Wednesday, June 15, 2011

Ugly wheat rust variants blow around the world

Environment News Service: New and virulent forms of a fungus called stem rust that attacks wheat are spreading quickly across the world, borne by wind beyond the handful of countries in East Africa where they were first identified. But hope emerged today at a global wheat rust symposium in Minneapolis. Scientists said they are close to producing super varieties of wheat that will resist variants of the Ug99 strain of stem rust, while boosting wheat yields by as much as 15 percent.

The original Ug99 was first discovered in 1998 in Uganda. New data to be presented at the symposium this week show that key Ug99 variants have been identified across all of eastern and southern Africa. Scientists say it is only a matter of time before the rust spores travel to India or Pakistan, Australia or the Americas. "We are facing the prospect of a biological firestorm, but it's also clear that the research community has responded to the threat at top speed, and we are getting results in the form of new varieties that are resistant to rust and appealing to farmers," said Ronnie Coffman, who heads the Durable Rust Resistance in Wheat project at Cornell University, which is coordinating the fight against the disease.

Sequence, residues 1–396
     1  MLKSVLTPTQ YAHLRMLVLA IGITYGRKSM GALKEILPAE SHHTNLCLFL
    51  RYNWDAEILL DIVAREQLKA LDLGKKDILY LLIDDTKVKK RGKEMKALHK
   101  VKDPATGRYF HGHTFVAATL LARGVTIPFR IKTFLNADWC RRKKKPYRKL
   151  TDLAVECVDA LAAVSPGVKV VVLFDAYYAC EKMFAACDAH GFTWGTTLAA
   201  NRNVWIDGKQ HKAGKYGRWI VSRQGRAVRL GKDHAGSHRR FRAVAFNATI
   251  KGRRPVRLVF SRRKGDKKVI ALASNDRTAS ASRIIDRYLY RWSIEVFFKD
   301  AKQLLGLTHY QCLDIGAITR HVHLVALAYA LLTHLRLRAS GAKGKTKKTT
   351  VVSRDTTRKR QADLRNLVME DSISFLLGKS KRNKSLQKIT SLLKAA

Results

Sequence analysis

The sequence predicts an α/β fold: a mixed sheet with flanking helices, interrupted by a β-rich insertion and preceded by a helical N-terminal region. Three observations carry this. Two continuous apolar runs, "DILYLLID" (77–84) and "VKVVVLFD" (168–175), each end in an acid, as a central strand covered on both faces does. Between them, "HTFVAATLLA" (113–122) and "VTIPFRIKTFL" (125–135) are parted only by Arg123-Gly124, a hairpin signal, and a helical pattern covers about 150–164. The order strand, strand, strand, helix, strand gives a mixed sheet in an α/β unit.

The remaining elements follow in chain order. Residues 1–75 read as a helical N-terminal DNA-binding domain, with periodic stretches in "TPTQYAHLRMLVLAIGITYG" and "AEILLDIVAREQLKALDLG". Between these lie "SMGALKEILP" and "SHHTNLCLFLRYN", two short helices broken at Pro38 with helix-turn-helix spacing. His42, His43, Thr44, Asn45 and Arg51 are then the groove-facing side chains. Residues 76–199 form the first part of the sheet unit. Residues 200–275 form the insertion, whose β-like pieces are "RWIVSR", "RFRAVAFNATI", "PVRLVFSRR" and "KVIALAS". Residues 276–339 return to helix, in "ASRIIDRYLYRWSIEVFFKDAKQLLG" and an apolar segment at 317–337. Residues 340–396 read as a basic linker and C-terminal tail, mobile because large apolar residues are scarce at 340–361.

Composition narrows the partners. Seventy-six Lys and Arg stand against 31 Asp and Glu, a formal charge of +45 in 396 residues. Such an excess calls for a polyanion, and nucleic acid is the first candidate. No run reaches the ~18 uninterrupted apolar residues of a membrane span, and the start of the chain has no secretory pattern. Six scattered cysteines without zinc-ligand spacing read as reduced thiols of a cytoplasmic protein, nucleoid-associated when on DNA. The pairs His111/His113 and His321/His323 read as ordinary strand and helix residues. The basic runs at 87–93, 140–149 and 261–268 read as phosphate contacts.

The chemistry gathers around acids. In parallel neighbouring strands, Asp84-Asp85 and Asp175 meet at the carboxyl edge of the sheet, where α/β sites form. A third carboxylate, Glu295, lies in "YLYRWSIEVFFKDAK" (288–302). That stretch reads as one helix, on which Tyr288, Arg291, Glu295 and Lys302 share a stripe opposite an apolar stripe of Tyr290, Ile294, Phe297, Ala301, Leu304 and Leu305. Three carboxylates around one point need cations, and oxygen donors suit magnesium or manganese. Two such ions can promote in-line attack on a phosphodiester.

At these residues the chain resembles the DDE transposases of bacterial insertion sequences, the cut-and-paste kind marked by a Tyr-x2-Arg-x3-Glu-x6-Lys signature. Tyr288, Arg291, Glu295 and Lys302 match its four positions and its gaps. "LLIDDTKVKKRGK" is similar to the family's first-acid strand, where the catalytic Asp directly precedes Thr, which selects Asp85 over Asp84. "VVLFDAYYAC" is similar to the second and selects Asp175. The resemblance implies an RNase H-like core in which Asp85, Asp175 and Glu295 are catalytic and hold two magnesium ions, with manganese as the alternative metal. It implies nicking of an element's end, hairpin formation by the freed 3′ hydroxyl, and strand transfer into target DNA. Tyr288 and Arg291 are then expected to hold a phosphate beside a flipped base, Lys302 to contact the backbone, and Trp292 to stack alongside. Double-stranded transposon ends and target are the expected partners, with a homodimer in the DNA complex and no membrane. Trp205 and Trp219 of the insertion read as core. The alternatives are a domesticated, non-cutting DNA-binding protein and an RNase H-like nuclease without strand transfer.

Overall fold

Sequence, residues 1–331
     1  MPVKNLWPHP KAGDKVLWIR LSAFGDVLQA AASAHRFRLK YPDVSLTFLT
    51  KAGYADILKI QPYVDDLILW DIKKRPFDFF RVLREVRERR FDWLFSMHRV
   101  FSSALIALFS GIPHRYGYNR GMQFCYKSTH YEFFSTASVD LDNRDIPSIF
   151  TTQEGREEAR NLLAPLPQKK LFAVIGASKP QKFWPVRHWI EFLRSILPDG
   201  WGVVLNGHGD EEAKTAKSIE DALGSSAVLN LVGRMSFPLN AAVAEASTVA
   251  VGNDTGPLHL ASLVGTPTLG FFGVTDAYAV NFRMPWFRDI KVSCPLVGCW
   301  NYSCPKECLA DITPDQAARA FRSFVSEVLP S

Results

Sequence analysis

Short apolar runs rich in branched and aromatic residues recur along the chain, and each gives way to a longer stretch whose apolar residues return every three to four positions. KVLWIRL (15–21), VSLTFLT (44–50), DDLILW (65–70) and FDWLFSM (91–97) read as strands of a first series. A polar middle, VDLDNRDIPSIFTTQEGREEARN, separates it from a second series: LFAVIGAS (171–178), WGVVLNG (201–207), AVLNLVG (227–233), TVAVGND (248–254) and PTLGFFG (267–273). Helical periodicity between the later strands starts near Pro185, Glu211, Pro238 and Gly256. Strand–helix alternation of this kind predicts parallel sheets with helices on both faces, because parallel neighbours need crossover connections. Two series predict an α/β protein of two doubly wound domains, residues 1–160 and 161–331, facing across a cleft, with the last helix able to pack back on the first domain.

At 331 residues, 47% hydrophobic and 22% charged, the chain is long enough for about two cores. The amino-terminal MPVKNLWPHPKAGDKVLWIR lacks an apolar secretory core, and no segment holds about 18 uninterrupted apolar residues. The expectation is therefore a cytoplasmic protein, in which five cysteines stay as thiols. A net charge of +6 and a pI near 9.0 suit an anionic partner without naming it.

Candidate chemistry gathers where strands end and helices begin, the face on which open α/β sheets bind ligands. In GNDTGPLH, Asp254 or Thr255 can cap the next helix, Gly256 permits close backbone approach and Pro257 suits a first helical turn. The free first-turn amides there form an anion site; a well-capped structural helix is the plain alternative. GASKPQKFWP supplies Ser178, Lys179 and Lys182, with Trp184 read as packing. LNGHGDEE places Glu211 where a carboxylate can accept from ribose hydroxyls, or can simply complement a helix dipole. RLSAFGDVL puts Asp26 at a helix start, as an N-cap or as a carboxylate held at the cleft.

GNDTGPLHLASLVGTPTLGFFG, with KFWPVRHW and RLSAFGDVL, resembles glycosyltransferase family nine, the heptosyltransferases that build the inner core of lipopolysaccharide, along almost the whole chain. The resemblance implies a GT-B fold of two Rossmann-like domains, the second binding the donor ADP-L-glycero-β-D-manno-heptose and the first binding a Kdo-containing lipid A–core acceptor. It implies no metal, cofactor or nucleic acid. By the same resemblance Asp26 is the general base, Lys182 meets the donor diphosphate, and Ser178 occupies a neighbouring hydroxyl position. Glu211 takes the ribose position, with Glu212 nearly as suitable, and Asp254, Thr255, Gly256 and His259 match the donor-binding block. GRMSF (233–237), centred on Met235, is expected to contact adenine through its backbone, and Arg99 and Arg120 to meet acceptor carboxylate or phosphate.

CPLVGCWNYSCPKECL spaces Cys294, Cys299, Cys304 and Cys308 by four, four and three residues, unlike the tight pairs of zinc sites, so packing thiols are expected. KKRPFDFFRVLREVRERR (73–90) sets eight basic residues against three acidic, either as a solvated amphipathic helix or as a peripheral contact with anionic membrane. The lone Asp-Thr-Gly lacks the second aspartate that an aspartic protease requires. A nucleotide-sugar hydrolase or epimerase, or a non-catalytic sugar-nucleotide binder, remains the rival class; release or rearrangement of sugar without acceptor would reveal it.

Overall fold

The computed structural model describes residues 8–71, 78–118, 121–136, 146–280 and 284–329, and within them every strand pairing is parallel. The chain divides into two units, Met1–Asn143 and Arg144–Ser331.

"But the job of science is not over," Coffman said at the symposium. "Declining support for public agricultural research got us into this problem with Ug99. Unless that changes, the problem is likely to arise again in a few years. We are dealing with a constantly-evolving pathogen, and we need to stay at least one step ahead of it at all times."

Coffman and his colleagues warn that significant obstacles must be overcome before the new varieties of wheat can replace susceptible varieties that cover most of an estimated 225 million hectares (556 million acres) of wheat fields across the breadbaskets of South Asia, the Middle East, China, Europe, Australia and North America. "Now it's a question of whether nations are willing to invest the political and economic capital necessary for agricultural research to secure the world's wheat supply," Coffman said….

Stripe rust (not Ug99) on a wheat plant, shot by US Agricultural Research Service

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